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HEALTH > DIET AND DIET REFORM PART II > SECTION III : SOYA BEANS AND GROUND-NUTS > Soya Beans

 

65. Soya Beans

There are places where it is impossible to procure unadulterated ghee. It was partly with a view to getting rid of this eternal problem of getting good ghee that Gandhiji has been casting about for a substitute for milk and ghee. The high protein and fat content of soya beans and their procurability on the premises, combined with the successful experiment of Sjt. Narhar Bhave, encouraged Gandhiji to start the experiment in Maganwadi last week. Oil and ghee and part of the wheat ration was cut out of the dietary of those who joined the experiment and substituted by a soya bean ration equal in dietetic value. It is difficult yet to say anything about the results of the experiments, but one might safely say that it is no longer the bugbear that it once used to be because of the un­pleasant taste of soya bean milk. We soak the beans for a few hours and steam-cook them and serve them whole. The taste is similar to that of the bean known as val in Gujarat and Maharashtra and sometimes similar to that of cooked ground-nut. As it swells to more than twice its size it is difficult to consume it as much as you do other beans and it requires a good deal of mastication. Let the reader also know that we have grown soya beans on our own ground plenty enough for our experiments.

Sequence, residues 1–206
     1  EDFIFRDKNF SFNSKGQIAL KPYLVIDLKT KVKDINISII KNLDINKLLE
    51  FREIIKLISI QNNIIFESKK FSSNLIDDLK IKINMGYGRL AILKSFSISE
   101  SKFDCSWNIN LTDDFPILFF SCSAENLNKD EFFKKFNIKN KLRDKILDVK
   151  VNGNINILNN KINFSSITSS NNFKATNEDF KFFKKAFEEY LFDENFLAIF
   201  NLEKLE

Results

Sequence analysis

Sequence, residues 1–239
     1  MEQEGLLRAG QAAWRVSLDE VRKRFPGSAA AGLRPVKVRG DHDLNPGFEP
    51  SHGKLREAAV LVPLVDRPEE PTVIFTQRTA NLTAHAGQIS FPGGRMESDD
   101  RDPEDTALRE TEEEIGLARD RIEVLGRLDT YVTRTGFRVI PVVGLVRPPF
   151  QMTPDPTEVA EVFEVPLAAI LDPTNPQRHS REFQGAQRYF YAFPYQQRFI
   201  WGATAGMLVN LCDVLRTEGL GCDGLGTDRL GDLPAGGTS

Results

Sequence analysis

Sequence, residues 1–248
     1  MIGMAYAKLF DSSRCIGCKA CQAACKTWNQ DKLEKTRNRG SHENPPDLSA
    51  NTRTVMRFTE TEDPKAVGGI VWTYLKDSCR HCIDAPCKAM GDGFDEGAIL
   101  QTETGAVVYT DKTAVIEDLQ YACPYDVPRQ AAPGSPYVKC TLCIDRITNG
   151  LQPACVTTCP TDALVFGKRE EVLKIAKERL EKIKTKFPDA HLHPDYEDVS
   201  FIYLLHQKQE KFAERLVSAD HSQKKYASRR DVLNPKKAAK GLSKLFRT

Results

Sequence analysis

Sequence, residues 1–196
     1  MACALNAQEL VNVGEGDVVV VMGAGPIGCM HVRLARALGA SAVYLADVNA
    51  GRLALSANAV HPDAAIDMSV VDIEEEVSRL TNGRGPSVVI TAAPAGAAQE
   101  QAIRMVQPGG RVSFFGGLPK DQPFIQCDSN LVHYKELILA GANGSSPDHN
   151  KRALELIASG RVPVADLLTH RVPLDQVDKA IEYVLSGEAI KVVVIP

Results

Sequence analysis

Whatever the result, conservatives may note certain recent facts in the history of soya beans. The Far Eastern Survey for September 11 says that the United States has increased its soya bean acreage this year from 847,000 to over a million acres and its gathered beans will probably amount to 18 million bushels. "It may be assumed," says the paper, "that the growing interest in the soya bean and its products in the United States will be such as to increase both domestic production and consumption. With a steadily increasing acreage, the demand for seed will con­tinue. The crop is used largely for feed and fodder; the oil is increasingly important in industry in paints, soaps, linoleum and so on. Although for a long time in the Orient the oil has been used in cooking and the meal has been used to some extent as a food, the soya bean is only beginning to figure in the American diet. An impressive number of foods - flour and flour products, candy, milks, oils, meat and margarine — in which it is used suggests a steady increase in its dietary use because of its high protein, fat and vitamin contents."

Harijan, 19-10-1935

M. D.